No bells, many choices

In a Forensic Science class, students learn from police department forensic investigator Ryan Andrews how to calculate the angle of impact of individual bloodstains and use strings to determine the area the bloodstains would have originated.

Forensic investigator Ryan Andrews shows students how to calculate the angle of impact of bloodstains.

Salt Lake City’s Innovations Early College High School uses personalized learning to put teenagers in charge of their education, I discovered in a visit last fall. My story is now up on Education Next.

There are no bells at Salt Lake City’s Innovations Early College High School, and no traditional “classes.” Students show up when they like, putting in six and a half hours at school between 7 a.m. and 5 p.m. Working with a mentor teacher, students set their own goals and move through self-paced online lessons. They can take more time when they need it or move ahead quickly when they show mastery.

Innovations, a district school, not a charter, is located on a community college campus, so it’s easy for students who qualify to take college classes. It also shares space with the district’s career-tech center, so students can take vocational classes in subjects ranging from web design and emergency medicine to cosmetology.

It seems very loosey-goosey, but mentors monitor students’ progress closely to make sure they’re on track for graduation.

Career academies challenge college for all

Most 12th graders aren’t prepared to succeed in college, according to NAEP, but nearly all are told it’s the only path to a decent job. Nearly two-thirds of high school graduates go directly to college. Two-thirds of high school graduates go directly to college. Those who fail to earn a degree — about 45 percent — will struggle to earn a living and pay back student loans.

Students including Joshua Espinosa, left, steady the head of Jacqueline Villalobo during an exercise in EMC First Responder class as emergency medical technician Gretchen Medel, background left, supervises at Dozier-Libbey Medical High School in Antioch, Calif. Photo: Ben Margot, AP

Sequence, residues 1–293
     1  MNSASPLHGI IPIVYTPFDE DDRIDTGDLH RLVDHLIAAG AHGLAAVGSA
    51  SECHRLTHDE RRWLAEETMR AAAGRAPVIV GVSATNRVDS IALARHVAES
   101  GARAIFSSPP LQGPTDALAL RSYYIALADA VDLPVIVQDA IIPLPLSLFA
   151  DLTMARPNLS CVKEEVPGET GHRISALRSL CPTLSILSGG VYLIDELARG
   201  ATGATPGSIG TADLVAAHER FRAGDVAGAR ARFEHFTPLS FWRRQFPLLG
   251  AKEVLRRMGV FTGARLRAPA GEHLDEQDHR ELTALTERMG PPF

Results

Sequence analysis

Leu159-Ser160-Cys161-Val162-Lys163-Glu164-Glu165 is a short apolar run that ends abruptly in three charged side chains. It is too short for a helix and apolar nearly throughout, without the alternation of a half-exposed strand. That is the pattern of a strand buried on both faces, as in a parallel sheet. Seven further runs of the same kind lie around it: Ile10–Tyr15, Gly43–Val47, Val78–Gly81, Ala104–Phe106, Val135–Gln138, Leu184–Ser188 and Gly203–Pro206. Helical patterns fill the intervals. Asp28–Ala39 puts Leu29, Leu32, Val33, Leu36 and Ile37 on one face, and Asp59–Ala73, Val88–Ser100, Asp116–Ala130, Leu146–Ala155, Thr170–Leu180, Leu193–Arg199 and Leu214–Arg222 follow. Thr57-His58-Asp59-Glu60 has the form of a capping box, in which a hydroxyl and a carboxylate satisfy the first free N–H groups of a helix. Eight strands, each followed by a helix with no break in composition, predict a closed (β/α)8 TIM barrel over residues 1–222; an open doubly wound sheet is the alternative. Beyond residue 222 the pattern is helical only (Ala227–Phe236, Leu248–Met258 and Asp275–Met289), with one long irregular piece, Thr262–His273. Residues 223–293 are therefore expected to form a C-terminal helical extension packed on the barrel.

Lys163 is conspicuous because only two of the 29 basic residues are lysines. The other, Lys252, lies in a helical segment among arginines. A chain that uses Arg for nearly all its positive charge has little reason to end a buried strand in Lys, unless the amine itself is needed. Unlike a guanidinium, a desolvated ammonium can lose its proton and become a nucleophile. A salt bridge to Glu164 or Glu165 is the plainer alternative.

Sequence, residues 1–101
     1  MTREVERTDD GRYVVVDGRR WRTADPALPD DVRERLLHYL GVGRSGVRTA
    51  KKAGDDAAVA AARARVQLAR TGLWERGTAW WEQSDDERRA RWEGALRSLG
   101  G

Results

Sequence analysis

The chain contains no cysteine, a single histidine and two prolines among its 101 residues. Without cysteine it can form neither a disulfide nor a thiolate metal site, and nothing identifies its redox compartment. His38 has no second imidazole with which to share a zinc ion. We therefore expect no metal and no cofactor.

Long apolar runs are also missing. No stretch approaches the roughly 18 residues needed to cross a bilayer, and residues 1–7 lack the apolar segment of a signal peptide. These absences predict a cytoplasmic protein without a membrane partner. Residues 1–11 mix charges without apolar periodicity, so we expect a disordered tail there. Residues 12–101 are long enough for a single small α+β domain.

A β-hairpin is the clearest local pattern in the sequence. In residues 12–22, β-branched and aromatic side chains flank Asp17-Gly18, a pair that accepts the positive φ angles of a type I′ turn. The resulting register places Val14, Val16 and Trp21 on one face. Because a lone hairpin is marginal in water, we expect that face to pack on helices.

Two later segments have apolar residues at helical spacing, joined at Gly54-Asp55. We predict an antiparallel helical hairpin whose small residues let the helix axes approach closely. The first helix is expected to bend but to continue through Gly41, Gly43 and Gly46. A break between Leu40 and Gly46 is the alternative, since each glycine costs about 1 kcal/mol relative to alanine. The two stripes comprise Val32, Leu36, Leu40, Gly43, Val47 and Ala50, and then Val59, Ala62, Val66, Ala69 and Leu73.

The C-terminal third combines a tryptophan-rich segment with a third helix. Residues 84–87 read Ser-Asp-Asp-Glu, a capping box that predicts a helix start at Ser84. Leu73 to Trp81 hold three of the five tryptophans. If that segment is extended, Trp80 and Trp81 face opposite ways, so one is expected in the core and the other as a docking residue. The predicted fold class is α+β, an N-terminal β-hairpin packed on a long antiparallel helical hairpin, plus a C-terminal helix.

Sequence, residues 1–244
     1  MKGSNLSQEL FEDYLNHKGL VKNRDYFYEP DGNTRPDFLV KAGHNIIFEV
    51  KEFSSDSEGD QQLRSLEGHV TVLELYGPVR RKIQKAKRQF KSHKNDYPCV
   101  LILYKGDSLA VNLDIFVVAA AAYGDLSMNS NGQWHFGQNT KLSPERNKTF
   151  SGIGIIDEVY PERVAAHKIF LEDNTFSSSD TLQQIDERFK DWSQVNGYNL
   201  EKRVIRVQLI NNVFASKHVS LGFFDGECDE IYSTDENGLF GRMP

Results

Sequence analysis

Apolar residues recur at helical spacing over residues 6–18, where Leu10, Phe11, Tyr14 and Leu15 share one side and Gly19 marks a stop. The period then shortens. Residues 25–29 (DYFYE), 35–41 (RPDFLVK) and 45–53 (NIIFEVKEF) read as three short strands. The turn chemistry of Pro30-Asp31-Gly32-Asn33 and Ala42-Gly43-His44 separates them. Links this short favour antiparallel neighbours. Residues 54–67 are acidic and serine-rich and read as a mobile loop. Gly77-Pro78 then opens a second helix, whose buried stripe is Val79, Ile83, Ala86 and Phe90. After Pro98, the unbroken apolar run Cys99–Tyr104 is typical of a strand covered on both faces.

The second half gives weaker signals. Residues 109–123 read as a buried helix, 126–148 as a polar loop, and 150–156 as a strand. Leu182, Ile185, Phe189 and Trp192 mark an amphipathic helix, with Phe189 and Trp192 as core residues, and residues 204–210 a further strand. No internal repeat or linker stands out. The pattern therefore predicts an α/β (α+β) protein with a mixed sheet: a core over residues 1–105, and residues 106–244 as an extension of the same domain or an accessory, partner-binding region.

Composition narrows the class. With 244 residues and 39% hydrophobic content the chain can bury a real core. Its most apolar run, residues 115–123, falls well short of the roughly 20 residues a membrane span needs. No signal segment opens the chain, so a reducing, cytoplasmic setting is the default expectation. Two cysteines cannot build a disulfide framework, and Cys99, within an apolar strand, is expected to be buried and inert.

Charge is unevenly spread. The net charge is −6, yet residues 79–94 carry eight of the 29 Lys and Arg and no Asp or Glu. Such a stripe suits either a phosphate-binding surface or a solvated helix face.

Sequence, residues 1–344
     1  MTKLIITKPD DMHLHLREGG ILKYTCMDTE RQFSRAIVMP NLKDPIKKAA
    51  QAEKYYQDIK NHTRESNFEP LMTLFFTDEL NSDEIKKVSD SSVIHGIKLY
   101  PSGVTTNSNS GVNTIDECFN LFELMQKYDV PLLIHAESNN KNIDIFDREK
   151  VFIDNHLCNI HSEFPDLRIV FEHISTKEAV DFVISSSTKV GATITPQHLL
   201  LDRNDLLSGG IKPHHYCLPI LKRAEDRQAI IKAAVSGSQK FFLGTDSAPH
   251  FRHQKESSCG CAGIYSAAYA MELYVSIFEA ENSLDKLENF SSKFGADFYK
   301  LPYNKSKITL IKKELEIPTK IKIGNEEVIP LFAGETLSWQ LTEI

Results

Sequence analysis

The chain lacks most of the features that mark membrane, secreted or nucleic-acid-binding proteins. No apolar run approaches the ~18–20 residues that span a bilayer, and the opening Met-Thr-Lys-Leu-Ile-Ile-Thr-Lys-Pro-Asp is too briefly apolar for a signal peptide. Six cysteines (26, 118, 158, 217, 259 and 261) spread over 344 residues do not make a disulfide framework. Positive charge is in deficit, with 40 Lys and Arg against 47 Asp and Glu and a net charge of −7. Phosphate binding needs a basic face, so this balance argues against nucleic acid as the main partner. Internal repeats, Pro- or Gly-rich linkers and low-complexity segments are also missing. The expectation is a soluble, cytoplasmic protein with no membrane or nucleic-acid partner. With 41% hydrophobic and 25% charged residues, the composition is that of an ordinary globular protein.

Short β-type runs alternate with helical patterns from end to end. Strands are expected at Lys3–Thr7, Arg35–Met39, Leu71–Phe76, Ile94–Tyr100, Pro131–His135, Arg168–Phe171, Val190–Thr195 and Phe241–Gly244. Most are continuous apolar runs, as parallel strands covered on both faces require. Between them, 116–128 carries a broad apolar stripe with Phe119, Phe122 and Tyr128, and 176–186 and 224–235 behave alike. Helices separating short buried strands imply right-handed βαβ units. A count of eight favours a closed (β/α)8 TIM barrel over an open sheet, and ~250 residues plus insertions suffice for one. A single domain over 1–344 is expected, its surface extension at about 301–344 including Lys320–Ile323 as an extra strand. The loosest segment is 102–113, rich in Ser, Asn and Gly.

Students practice paramedic skills at Dozier-Libbey Medical High School in Antioch, Calif. Photo: Ben Margot, AP

“Vocational education is “making a comeback,” reports AP. However, the goal of new “career pathways” programs isn’t to get students from high school to the workforce. Often the aim is to motivate students “to pursue some post-secondary education — whether it’s a certificate from a two-year school or a four-year degree.”

Educators are afraid that the new career-tech will be a lesser alternative to the college track.

“I think we can identify 9th grade students who have career interests and build a rich, challenging curriculum around those interests,” Kevin Welner, who directs the National Education Policy Center at the University of Colorado, Boulder, said.

“What’s not smart is to identify 9th grade students who are academically struggling and then track them into these separate academic programs that have watered-down expectations and watered-down instruction,” he said.

That concern is the focus of Melinda Anderson’s story on career academies in The Atlantic.

Often a school within a larger school, “career academies generally feature small learning communities, integrate business and industry partnerships, and provide students with a curriculum blending traditional and technical courses,” she writes.

Eighth-grader Keller Wessel works on a project in his Gateway to Technology class at Deer Park Junior/Senior High School in Cincinnati.

Eighth-grader Keller Wessel works on a project in his Gateway to Technology class at Deer Park Junior/Senior High School in Cincinnati.

For “students at highest risk of dropping out, participation in career academies improved attendance and the likelihood of graduating on time,” a 2008 MDRC study found. Several years later, male students had found higher-paying jobs.

However, high schools that serve predominantly white, middle-class students are more likely to offer career pathways that lead to college, she writes.

At Cincinnati’s Deer Park Career Academy, students in grades seven through 12 choose from career pathways that include digital design and civil engineering.

At Atlantic High in Delray Beach, Florida, where a majority of students come from lower-income, non-white families, the career academy is devoted to law enforcement careers.

45% of adults have degree, certificate

Postsecondary attainment is inching up, according to the Lumina Foundation’s new Stronger Nation report. As of 2014, 31.5 percent of working-age U.S. adults had a bachelor’s degree or more, 9 percent had a two-year degree and 4.9 percent had earned a “high-value” vocational certificate.

Certificates were considered “high value” if the holder was employed in the career field for which they’d earned a credential.

Lumina’s goal is for 60 percent of U.S. adults to hold a high-quality postsecondary credential by 2015.

Pie chart showing levels of education for U.S. residents age 25 to 64.

‘Top colleges’ for who?